Monthly Archives: September 2013

Alaskan politicians playing games with our money and our health

19392277_mAs of October 1, the federal government is shut down. Driving the shutdown are some Republicans intent on repealing or delaying the Affordable Care Act. Come January roughly 66,000 Alaskans, some even with preexisting conditions, will be able to buy affordable health insurance on the private market for the first time ever.

That includes me. According to a broker, I’ll probably be paying about $500 a month for a plan with a $1200 deductible.

For me that’s a great deal. If not for the new health care law, I would be paying about $1500 a month for such insurance.

That’s a $1000 a month difference. That’s real money. That’s a mortgage. That’s money that can be used to support private Alaska businesses.

U.S. Rep. Don Young voted on Monday yet again to delay the program for a year. Senate hopeful Joe Miller would go further. He would repeal the whole thing. The other Republican hopeful, Lt. Gov. Mead Treadwell has indicated that he would do the same.

For decades, Young has been the beneficiary of the best health insurance available, which has been highly subsidized by the tax payers. He’s now on Medicare. However, in 2009, the plan most favored by members of Congress was Blue Cross Blue Shield, which covered a family for about $1,030 a month. Taxpayers paid $700 of that.

Young, and all the members of Congress, also have government-funded private doctors on the Hill available to them.

As a veteran of our armed services, Miller is eligible for tax funded healthcare.

As a state of Alaska official, Treadwell doesn’t have to pay anything for his insurance. The state health insurance plan is better than almost any plan available on the private market. And, it’s all funded by the citizens of Alaska.

Let me repeat that: As a state worker, Treadwell doesn’t have to pay any monthly premiums for a plan that’s better than nearly any plan normal Alaskans get or can buy themselves.

Funny how politicians always seem to know how to get theirs.

If the health care act is delayed and I can’t sign up for it, I’ll be spending roughly more than $12,000 than I would otherwise. And if only 10,000 Alaskans of comparable health, age and income sign up under ObamaCare, it will save us a collective $120 million.

That’s more than Alaska makes off of taxes from mining, cigarettes and alcohol combined.

The federal government shut down at midnight while the House continues to leverage the budget continuing resolution as a means of delaying ObamaCare. Federal workers all across the state will be affected. So will the elderly and the disabled. The stock market has already fallen as the result of instability. Most of Alaskans who have retirement accounts have at least some of it in the stock market. We’ve all lost money that we’ll probably never get back.

The health care law will not be delayed. Obama will not allow it.

So what’s happening is this: Some Republican politicians are playing partisan games with our money and our health.

I’m going to go to a broker tomorrow and sign up for health insurance through the exchanges, which will be available on January 1. For the first time, I’ll be able to buy affordable, private health insurance. I won’t be getting as good of a deal as Young, Treadwell or Miller.

But I won’t complain. I’m going to have better and more affordable health insurance. And I’ll pass on some of what I’m going to save to Alaska businesses.

Contact Amanda Coyne at


Quote of the day: Brad Keithley

“This issue is about what Alaska and Alaskans need at this point in their history to secure their fiscal future. The Governor appears to have gone tone-deaf in understanding that. Someone needs to stand up for what is right… Over the next three weeks I am going to roll out on these pages the budgets I will support going forward. If adopted, they will lead Alaska to a safe and secure fiscal future. They will provide for a ‘Morning in Alaska.’”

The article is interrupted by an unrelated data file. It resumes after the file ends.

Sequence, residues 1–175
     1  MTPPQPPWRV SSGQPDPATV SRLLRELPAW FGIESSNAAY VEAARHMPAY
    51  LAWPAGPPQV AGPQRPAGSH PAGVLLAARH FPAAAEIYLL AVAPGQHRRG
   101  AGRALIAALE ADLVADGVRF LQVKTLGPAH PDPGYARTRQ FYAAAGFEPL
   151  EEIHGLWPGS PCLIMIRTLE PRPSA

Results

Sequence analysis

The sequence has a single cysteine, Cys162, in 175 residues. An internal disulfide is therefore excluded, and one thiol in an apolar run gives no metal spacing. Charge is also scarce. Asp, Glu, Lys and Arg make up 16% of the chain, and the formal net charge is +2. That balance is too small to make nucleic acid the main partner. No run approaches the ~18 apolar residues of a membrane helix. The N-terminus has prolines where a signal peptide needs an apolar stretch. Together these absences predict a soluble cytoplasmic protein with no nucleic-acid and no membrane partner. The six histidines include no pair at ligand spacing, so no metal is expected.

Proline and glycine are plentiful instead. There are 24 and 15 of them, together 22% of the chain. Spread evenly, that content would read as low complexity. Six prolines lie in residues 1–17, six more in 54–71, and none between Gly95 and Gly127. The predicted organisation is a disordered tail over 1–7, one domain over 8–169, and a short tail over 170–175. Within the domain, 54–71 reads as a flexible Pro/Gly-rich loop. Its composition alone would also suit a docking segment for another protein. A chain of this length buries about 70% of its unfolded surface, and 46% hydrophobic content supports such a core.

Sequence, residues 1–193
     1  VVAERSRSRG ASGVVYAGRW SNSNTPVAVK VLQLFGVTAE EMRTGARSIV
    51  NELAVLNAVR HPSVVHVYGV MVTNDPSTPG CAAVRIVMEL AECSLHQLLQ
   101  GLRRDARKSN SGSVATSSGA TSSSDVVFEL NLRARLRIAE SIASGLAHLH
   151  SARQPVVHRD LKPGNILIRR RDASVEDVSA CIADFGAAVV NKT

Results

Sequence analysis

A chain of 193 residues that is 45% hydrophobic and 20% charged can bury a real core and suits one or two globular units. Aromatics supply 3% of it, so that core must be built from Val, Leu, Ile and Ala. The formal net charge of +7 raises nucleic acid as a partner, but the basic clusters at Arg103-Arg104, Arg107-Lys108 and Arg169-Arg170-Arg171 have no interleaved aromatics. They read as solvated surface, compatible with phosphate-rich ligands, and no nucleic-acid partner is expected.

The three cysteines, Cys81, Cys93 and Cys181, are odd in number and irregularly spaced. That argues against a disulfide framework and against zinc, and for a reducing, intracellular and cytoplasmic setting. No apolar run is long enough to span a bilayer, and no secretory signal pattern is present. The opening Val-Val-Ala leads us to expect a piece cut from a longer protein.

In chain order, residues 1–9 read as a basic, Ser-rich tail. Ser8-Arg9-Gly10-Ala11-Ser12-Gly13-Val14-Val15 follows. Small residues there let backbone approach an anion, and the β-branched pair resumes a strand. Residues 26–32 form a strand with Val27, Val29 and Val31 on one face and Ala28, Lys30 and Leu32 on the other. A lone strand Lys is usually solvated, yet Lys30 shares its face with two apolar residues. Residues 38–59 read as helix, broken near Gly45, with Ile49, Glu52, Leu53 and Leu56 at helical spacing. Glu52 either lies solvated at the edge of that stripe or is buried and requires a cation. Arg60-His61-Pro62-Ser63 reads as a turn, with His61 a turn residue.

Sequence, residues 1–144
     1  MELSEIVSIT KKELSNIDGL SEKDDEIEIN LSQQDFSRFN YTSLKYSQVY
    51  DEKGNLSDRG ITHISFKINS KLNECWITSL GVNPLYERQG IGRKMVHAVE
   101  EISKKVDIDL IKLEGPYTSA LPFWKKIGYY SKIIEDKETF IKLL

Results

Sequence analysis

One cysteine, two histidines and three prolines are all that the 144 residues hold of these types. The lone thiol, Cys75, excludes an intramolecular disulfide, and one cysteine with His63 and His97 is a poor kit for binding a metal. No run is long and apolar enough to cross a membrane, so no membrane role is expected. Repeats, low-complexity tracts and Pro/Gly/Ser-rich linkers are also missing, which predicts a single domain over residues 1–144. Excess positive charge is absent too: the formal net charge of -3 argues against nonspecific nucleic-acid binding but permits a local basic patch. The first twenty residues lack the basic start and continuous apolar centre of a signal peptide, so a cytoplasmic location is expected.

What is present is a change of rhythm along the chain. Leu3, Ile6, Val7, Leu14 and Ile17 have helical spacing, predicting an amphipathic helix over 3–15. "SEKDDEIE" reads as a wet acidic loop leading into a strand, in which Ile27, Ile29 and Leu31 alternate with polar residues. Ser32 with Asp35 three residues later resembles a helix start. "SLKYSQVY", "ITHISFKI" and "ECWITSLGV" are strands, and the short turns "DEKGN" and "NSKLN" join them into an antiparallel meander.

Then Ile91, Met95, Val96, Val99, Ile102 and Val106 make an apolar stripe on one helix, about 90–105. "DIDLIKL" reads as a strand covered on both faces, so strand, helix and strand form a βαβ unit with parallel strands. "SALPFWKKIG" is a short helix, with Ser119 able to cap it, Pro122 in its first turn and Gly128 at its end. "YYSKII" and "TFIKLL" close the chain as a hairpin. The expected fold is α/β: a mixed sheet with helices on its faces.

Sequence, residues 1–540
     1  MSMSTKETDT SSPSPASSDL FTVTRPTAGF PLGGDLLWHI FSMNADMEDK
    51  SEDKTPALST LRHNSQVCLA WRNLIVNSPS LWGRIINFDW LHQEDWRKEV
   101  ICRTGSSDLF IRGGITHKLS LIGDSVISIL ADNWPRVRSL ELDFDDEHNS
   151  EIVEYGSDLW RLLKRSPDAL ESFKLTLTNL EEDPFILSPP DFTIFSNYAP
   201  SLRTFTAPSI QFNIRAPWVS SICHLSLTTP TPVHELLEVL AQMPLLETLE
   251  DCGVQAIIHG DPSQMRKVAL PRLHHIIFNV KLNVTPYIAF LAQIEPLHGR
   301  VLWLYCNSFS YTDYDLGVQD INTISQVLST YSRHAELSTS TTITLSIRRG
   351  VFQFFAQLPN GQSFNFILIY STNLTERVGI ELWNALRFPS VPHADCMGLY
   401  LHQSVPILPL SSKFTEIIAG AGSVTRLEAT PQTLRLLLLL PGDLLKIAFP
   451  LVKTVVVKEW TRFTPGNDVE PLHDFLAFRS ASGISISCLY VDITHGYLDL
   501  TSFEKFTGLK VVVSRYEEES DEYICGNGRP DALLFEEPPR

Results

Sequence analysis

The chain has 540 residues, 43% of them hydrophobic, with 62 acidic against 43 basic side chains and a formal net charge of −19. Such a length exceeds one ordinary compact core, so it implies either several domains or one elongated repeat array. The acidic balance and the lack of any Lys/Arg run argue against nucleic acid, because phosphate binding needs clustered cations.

From Brad Keithley’s blog, who is sounding more and more like a candidate.


Byron Mallott announces campaign kickoff

MallottSome candidates start their campaigns off with a bang, announcing their candidacy and then immediately traveling around the state on a 24 hour whirlwind tour kicking off their campaign. Other candidates seem to meander to the starting line.

Byron Mallott meandered. Mallott, who is running as a Democrat against Gov. Sean Parnell, first told the media his plans on Sept. 2. On Saturday, more than three weeks later, his campaign has announced a campaign kick-off scheduled for October 16th in Anchorage at the Alaska Experience Theater on 4th Avenue.

Mallott is 70 years old and brings a unique understanding and perspective to both government service and the private sector, as well as to the rural/urban divide that plagues Alaska. At 22, he was the mayor of Yakutat. He was commissioner of the Alaska Department of Community and Regional Affairs under Gov. Bill Egan. He served as mayor of Juneau before becoming the executive director of the Alaska Permanent Fund. He was the CEO of Sealaska Corp, president of the Alaska Federation of Natives, and has served on the board of many corporations, including Alaska Airlines and the Federal Reserve Bank of San Francisco. He’s clan leader of the KwaashKiKwaan clan of the Raven tribe of Yakutat. His wife Toni is a retired elementary school teacher.

Given his history, reputation, and his ties to Native corporations, the slow start won’t likely impede his fundraising abilities. The primary reason for state candidates seeking statewide office to announce over a year before the election is to raise money . State campaign finance laws allow individuals to give $500 and political action committees, or PACs, $1000 per calendar year. Corporate contributions are prohibited. Total out of state contributions for a gubernatorial candidate is limited to $20,000 per calendar year as well